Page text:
Additionally, "short, conclusory statements made without supporting authority are deemed abandoned on appeal and therefore not presented for review."  Glasscock, Inc. v. U.S. Fid. & Guar. Co., 348 S.C. 76, 81, 557 S.E.2d 689, 691 (Ct. App. 2001).  "An issue is also deemed abandoned if the argument in the brief is merely conclusory."  State v. Colf, 332 S.C. 313, 322, 504 S.E.2d 360, 364 (Ct. App. 1998), aff'd as modified, 337 S.C. 622, 525 S.E.2d 246 (2000).

Jones's argument regarding his being induced into making the statement by the officer is not preserved because he never argued the statement was involuntary for this reason at trial.   Further, although Jones's issue statement contends the statement was involuntary because his mother was not present as well as he was induced into making the statement by the officer, the body of his brief revolves around only the contention that the statement was induced.  He provides no case law or argument regarding whether a parent is required to be present during questioning or signing of the waiver.  Nor does he explain how a parent's failure to be present makes a statement involuntary.  Accordingly, we find Jones's argument relating to his mother's failure to be present is abandoned.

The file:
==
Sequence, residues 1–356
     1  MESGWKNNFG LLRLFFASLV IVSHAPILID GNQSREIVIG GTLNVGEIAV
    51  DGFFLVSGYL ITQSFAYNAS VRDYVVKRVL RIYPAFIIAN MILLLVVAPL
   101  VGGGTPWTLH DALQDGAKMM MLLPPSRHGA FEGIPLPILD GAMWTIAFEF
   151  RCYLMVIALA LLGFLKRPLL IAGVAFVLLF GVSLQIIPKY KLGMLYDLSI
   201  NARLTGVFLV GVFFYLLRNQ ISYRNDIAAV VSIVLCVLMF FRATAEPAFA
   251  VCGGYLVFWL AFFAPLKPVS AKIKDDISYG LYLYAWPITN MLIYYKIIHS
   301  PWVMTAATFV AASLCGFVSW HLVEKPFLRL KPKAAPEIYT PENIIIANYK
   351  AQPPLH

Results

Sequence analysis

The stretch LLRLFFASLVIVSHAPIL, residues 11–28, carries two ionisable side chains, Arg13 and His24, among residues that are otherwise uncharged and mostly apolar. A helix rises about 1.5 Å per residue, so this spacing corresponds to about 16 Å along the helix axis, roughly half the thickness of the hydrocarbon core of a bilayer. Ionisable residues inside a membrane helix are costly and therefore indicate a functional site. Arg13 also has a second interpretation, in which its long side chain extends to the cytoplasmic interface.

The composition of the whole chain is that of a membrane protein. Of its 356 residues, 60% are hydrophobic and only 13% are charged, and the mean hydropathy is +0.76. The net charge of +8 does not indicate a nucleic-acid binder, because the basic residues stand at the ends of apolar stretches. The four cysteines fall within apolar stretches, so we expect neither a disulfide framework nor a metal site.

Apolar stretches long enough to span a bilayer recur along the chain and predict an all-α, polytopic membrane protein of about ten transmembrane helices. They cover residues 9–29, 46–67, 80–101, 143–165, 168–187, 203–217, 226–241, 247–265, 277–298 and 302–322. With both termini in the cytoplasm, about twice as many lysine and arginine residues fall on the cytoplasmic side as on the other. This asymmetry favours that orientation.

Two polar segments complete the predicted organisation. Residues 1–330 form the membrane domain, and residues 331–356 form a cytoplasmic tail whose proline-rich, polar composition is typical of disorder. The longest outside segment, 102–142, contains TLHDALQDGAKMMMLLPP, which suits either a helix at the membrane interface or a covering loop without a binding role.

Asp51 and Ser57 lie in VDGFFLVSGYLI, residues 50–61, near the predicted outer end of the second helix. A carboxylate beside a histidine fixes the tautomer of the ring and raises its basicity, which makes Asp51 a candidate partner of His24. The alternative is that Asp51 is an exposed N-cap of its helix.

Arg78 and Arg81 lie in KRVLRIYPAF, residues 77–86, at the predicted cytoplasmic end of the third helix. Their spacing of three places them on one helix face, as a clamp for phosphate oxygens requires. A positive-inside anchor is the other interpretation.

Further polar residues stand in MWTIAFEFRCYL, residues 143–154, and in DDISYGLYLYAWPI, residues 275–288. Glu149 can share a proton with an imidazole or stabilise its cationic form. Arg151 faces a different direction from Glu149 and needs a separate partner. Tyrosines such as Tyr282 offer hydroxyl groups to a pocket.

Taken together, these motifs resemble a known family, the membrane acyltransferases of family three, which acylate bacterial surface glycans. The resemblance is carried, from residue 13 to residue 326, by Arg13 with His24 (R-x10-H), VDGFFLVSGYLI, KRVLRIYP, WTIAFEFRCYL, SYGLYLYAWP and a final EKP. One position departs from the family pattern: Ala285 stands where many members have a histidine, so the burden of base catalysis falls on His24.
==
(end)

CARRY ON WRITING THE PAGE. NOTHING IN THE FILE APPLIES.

CONCLUSION

We find the family court did not abuse its discretion in waiving jurisdiction.  Additionally, Jones's argument regarding the officer inducing him to make a statement is unpreserved.  Further, Jones's argument about his mother's failure to be present during his questioning or signing of his statement is abandoned.  Accordingly, the family court's decision is

AFFIRMED.

GEATHERS and LOCKEMY, JJ., concur.


[1] Kent v. United States, 383 U.S. 541, 566-67 (1966).

[2] We decide this case without oral argument pursuant to Rule 215, SCACR.

[3] Kent v. United States, 383 U.S. 541, 566-67 (1966).

[4] The statute defines a child or juvenile as "a person less than seventeen years of age."  S.C. Code Ann. § 63-19-20(1) (2010).  However, the statute further limits the definition to someone under sixteen for certain felony charges.  Id.